Operation of a second embodiment of the capacitively coupled signaling system 100 will be described with respect to the timing diagram of FIG. 3. In the embodiment described with respect to the timing diagrams of FIG. 2, the DBAL signal itself is not DC balanced, and as such, can potentially drift if the pattern of the data signals D0-D7 results in a DBAL signal consisting of a long string of zeroes or ones. The embodiment described with respect to FIG. 3 addresses this issue by framing the sample window cycle of the DBAL signal with a rising or falling transition of the DBAL signal that occurs during a HIGH logic level of the CLK signal. As a result, the DBAL signal will never have a long string of ones or zeroes.

As with the embodiment of the capacitively coupled signaling system 100 described with respect to FIG. 2, in the embodiment described with respect to FIG. 3, the encode circuit 132 forces a data signal to invert for a bit time following a sample window in the event the data signal maintains a logic HIGH or LOW level throughout the sample window. Also, as with the embodiment described with respect to FIG. 2, the sample windows for each of the data signals D0-D7 are staggered, and consequently, the bit times of the DBAL signal correspond to one of the data signals D0-D7, as well as to a particular bit time of the data signal. As a result, the decode circuit 138 will be able to invert the correct data signal and at the appropriate time, based on the bit time at which the DBAL signal is at a HIGH logic level, in order to recover the true data signal. However, in the embodiment described with respect to FIG. 3, every eight bit times of the DBAL signal is framed by a forced transition of the DBAL signal. With the addition of the forced inversion of the DBAL signal framing every eight bit times, the resulting staggered sample windows of FIG. 3 are nine bit times wide instead of the eight bit times of FIG. 2. Besides the extended sample window, operation of the embodiment described with respect to FIG. 3 is the same as that for the embodiment previously described with respect to FIG. 2.

For example, as shown in FIG. 3, the D0, D1, and D2 signals change logic levels at least once during the respective sample windows, that is, T0-T9 for the D0 signal, T1-T10 for the D1 signal, and T2-T11 for the D2 signal. As a result, the encode circuit 132 generates a DBAL signal having a LOW logic level between the times T9-T12, indicating that the D0, D1, and D2 signals were not forced to invert to maintain DC balance. However, the D3 signal maintains a LOW logic level throughout the D3 sample window between T2-T12. In response, the encode circuit 132 forces the D3 signal to invert logic levels from a true data having a LOW logic level to an inverted data having a HIGH logic level between T12-T13, and further changes the logic level of the DBAL signal to a HIGH logic level between T12-T13. Similarly, with respect to the D4 signal, the encode circuit 132 forces the D4 signal to invert for the bit time between T13-T14 in response to the D4 signal maintaining a HIGH logic level throughout the D4 sample window between T4-T13. The encode circuit 132 further generates a DBAL signal having a HIGH logic level between T13-T14. The remaining data signals D5-D7 change logic levels at least once during the respective sample windows, and as a result, the DBAL signal has a LOW logic level from T14-T17. As previously discussed, the DBAL signal is used by the decode circuit 138 at the receiving device to recover the true data for the D3 and D4 signals by inverting the inverted D3 and D4 signals at the appropriate bit times.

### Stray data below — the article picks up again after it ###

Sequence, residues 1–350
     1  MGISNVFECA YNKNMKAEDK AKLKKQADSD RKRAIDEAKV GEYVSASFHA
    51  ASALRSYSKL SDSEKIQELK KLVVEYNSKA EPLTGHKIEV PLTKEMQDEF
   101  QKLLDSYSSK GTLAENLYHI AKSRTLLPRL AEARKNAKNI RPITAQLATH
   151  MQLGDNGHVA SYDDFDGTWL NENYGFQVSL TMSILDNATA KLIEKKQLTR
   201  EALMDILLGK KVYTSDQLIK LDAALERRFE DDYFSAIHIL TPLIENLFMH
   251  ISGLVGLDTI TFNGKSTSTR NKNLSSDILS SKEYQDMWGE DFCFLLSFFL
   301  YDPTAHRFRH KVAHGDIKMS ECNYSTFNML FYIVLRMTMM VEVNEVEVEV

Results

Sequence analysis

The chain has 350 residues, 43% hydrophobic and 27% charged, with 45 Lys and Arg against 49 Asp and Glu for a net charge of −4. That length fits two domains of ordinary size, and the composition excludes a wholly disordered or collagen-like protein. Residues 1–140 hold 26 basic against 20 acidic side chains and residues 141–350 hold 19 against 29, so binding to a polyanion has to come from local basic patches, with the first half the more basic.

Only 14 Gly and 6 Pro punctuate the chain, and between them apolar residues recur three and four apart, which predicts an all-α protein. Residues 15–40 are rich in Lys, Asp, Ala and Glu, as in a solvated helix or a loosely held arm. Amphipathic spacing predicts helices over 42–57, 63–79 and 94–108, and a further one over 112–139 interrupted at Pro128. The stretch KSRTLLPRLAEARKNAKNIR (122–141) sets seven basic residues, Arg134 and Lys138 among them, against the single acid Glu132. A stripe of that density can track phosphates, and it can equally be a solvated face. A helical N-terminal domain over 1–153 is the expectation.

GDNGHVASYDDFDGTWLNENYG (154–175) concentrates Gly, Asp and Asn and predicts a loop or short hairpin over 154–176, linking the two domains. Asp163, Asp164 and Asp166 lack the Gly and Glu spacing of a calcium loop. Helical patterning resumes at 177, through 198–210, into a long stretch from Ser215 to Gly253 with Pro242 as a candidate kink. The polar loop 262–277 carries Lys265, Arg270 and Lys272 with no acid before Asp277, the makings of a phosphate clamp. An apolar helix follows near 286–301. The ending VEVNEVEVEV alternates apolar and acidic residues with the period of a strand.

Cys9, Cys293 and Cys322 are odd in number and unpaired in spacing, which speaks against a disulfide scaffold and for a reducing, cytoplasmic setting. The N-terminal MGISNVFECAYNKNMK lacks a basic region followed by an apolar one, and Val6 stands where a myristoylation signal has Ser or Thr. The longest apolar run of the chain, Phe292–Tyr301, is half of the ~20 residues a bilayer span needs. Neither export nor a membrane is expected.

A forced logic transition of the DBAL signal is made at T17-T18 for the purpose of DC balancing the DBAL signal, as previously discussed. A rising edge transition is made because the DBAL signal is at a low logic level when the CLK signal is HIGH between T17-T18. At the time T18, a new sample window cycle of the DBAL signal for the data signals D0-D7 begins. As shown in FIG. 3, because the D0 signal makes at least one transition during the D0 samples window between T9-T18, the DBAL signal for T18-T19 has a LOW logic level. However, in response to the D1 signal having a LOW logic level throughout the D1 sample window between T10-T19, the D1 signal is forced to invert during the bit time between T19-T20, and the DBAL signal has a HIGH logic level between T19-T20 as well. The D2, D3, and D4 signals have logic transitions during their respective sample windows, and consequently, the DBAL signal maintains a LOW logic level between T20-T23, indicating that a forced inversion of the D2-D4 signals were not necessary. The D5 and D6 signals, on the other hand, maintain HIGH logic levels throughout their respective sample windows, that is, T14-T23 for the D5 signal and T15-T24 for the D6 signal. In response, the encode circuit 132 forces the D5 signal to a complementary state between T23-T24 and forces the D6 signal to a complementary data state between T24-T25. The encode circuit 132 further generates a DBAL signal having a HIGH logic level between T23-T25. The D7 signal makes several transitions during its sample window of T16-T25, causing the DBAL signal to have a LOW logic level for the time T25-T26. At the bit time between T26-T27, the DBAL signal is forced to a HIGH logic level for the purpose of DC balancing the DBAL signal.